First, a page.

Just tell them the truth. If you disclose to “the friend” how you truly feel, most of the time, it will end your struggle and bring you swift results. However, this can come with significant downfalls. The potential for drama, and other people getting involved and escalating the issue, is real. This approach can also make you look like a heartless and cold-blooded person.  
 
Approach 2: Have-a-Heart  
Let's be honest, the painful truth is only plausible for certain people. Those of us who possess an actual heart take the high road. That was my approach. Like most changes, it took time, and there are two things you can do.   
Social Media Cut Off: Social media is where we do most of our socializing nowadays, so losing your Snapchat streaks or not viewing their story is a great way to create distance. Do not like their Instagram pictures or tweets. Maybe even delete some of your mutual friends. Eventually, you will not know what has been happening in the other person’s life, creating less of chance for full blown conversations on things you have in common or can each relate to.  
Distance Thyself In Reality: Although you might try to avoid the “friend” as much as possible, if you go to school together you cannot avoid them fully. This means you need to change the way you interact with them -- how you speak to them and your body language, words and tone. When in a conversation, make sure to be as brief and vague as possible with your responses. Look bored, busy, or tired. This will keep them at arm’s length.  
Sometimes though, they might put be resistant and push back on your methods. They might hold on to the friendship tightly and wonder why you're not hanging out as much. In this case, you have to be able to address their concerns to their face about not hanging out as much. 
I used all these approaches in my journey and managed to slowly end the friendship without too much drama or hurt feelings. It did not happen overnight, so patience is key. You can't rush it if you want optimum results with no hint of drama or feud.  
I wish you good luck! 
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Society is excited about celebrities. If a celebrity is wearing a dress, people will buy it because “a celebrity wore it,” even if it doesn’t look good on them. People will go to concerts even if they don’t have the money and need to borrow it from others. This is mostly teenagers but sometimes adults too.  
Now, people are mostly talking about Kim Kardashian, an American actress, businesswoman and model. She is the star of the reality show “Keeping up with the Kardashians” which gets filmed in California. The family has two other shows called “Kourtney and Kim Take New York” and “Kourtney and Khloe.”  
Catherine Finkenstaedt, an English teacher at Boston International High School, said,“to me, Kim Kardashian seems to be a bit of a materialistic person. At the same time, she must be pretty intelligent to be as famous as she is.”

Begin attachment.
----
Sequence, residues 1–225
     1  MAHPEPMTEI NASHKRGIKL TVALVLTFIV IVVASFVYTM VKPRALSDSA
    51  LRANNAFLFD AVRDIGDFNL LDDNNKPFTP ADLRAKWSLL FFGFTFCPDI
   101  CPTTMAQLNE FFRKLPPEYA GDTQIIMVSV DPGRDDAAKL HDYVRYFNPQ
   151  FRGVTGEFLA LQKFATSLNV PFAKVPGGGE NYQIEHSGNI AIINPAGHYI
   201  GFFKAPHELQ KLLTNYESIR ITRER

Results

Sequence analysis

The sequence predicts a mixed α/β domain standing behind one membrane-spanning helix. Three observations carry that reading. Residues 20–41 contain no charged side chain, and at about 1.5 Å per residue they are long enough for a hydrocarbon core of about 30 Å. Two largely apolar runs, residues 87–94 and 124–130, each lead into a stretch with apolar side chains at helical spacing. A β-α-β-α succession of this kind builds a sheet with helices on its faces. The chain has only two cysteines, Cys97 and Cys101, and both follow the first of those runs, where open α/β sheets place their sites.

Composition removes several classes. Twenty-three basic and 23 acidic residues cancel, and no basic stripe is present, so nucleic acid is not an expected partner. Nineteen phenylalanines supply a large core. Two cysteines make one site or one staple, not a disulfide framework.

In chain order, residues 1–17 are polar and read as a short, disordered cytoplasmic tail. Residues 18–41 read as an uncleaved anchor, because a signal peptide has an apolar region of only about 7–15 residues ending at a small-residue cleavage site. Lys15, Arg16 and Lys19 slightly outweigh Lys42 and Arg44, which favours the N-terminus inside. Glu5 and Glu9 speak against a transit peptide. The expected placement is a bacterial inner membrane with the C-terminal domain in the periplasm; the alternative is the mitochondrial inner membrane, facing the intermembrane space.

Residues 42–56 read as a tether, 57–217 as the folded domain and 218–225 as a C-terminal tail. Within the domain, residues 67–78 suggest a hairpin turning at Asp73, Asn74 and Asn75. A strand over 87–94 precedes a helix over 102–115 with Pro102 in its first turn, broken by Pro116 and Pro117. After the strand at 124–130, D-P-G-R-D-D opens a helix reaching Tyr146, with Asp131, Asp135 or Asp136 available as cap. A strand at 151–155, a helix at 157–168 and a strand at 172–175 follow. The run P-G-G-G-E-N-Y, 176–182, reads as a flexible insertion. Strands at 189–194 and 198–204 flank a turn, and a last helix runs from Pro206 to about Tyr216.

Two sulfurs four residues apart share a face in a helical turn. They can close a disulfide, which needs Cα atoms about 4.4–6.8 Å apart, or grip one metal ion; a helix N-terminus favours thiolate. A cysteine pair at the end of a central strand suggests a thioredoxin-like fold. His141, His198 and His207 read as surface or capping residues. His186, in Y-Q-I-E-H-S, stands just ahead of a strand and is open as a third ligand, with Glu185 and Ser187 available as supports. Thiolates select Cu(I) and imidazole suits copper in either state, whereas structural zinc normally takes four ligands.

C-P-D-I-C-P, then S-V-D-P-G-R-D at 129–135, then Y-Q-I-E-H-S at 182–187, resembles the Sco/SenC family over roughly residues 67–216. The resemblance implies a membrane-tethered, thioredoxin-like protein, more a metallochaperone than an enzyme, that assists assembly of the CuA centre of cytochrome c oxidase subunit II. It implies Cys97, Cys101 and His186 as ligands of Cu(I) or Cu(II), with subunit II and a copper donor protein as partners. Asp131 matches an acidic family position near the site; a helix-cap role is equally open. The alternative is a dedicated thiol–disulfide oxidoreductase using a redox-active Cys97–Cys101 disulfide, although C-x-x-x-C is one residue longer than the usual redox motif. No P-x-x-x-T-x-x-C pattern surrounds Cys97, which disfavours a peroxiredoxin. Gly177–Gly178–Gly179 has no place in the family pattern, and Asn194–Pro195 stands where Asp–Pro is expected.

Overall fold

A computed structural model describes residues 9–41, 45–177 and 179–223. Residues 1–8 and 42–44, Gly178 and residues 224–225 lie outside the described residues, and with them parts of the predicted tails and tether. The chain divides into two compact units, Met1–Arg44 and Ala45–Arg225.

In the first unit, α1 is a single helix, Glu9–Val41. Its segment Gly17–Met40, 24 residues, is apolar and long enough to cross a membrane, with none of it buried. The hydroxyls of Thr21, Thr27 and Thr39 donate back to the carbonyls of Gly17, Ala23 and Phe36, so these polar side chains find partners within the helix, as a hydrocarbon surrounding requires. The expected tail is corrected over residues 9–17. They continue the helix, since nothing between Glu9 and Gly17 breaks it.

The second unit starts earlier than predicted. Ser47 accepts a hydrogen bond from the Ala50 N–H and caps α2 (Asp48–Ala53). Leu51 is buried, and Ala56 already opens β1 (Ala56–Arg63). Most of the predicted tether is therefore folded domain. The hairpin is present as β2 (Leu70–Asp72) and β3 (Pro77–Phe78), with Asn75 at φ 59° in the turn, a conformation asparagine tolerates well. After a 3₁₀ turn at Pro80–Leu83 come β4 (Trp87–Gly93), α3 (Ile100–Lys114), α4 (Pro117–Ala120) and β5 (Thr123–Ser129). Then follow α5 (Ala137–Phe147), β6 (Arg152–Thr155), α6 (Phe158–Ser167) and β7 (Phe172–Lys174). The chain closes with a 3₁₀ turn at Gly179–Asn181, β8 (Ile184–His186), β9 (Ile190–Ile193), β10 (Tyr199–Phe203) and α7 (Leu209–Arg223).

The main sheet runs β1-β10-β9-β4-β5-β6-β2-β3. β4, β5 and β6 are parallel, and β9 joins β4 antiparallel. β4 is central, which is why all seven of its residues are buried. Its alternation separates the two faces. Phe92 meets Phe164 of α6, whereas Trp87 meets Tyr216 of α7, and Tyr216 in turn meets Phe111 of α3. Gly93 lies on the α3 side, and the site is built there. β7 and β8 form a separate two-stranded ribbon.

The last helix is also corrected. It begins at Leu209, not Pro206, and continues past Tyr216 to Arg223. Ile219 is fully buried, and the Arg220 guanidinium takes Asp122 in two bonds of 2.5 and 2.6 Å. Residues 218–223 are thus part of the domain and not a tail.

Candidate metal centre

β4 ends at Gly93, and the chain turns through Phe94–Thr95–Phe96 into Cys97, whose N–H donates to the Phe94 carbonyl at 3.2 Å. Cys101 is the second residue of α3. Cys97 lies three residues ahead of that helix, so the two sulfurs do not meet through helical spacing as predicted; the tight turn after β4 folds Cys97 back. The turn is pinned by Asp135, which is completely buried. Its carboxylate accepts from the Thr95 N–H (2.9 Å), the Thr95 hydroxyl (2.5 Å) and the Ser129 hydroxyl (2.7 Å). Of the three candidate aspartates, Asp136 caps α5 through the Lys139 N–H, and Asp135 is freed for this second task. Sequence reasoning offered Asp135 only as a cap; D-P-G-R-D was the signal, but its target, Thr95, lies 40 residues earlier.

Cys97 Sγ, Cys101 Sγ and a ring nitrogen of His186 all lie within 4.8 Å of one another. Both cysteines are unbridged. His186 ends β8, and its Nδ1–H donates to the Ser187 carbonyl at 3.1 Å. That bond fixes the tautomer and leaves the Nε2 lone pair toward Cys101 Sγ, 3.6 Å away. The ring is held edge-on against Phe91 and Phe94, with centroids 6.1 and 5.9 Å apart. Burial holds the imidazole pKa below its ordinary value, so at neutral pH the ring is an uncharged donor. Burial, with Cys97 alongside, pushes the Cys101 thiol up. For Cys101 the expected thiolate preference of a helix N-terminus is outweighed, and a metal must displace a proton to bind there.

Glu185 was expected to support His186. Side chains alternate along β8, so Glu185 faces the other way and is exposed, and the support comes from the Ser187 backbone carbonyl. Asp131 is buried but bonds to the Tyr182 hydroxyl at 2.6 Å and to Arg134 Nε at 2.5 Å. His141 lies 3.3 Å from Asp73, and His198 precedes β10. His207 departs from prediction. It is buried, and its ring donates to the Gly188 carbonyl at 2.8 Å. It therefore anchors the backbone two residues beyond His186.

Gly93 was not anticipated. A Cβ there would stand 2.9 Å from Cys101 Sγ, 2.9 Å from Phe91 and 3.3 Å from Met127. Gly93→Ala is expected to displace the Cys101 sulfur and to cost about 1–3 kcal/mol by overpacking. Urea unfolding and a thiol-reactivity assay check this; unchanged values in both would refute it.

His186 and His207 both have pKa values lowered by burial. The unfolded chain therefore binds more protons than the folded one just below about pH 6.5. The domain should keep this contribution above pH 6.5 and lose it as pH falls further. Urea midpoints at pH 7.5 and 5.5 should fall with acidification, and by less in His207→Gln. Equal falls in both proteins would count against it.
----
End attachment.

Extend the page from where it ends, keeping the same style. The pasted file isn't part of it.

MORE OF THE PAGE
When asked if she believes that celebrities tell the truth, she responded,  “I think that just like everyone, celebrities probably don’t always tell the truth especially because they are always in the spotlight. When they do something wrong, they probably feel more of a need to hide it or adjust the truth so that their fans will continue to like and respect them.” 
When asked about her taste in celebrities, Alyssa Hughes, a history teacher at Boston International High School said, “I am a fan of some comedians, musicians, actors and other artists.  I like them because I enjoy their work, not necessarily because they are famous.  Two comedians I like to listen to right now are Hari Kondabolu and W. Kamau Bell.  They are not super famous, but I love their work.”  
She also said “I think it can take courage to pursue art professionally and I admire that about artists.” When asked about Kim Kardashian she stated, “I find Kim Kardashian and her fame to be fascinating!  I’ve watched her show a few times because I was curious about why it is so popular.  I think she is popular because her lifestyle is what many people want--she is wealthy, but on her show she shares so much about her life that people believe she is relatable. She’s ‘just like us.’  But she’s so not! ” 
Another frequently discussed celebrity is Beyonce, who started her career through a singing and dance competition as a child. Hughes is a big fan of Beyonce. “I love the art she creates, especially her last two albums. Recently, she has spoken out and performed in support of the #BlackLivesMatter movement - using her voice to amplify the message of the movement.  Brava! I think that many celebrities share ideas, pictures, etc. that present an image of what they want to be perceived as.” 
Finkenstaedt adds, “she is trying to make her music relevant to the issue that many people face today.” 
From this, we can learn that people have different ways to expresses their feelings and we try to listen to their perspectives and respect them.
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AFH Photo // Mariana Melara
The dilemma most kids face today is that they can’t get a job without work experience, and they can’t get work experience without a job. Maybe, if they are like me and an immigrant to the United States, they were delayed in their ability to even get a work permit.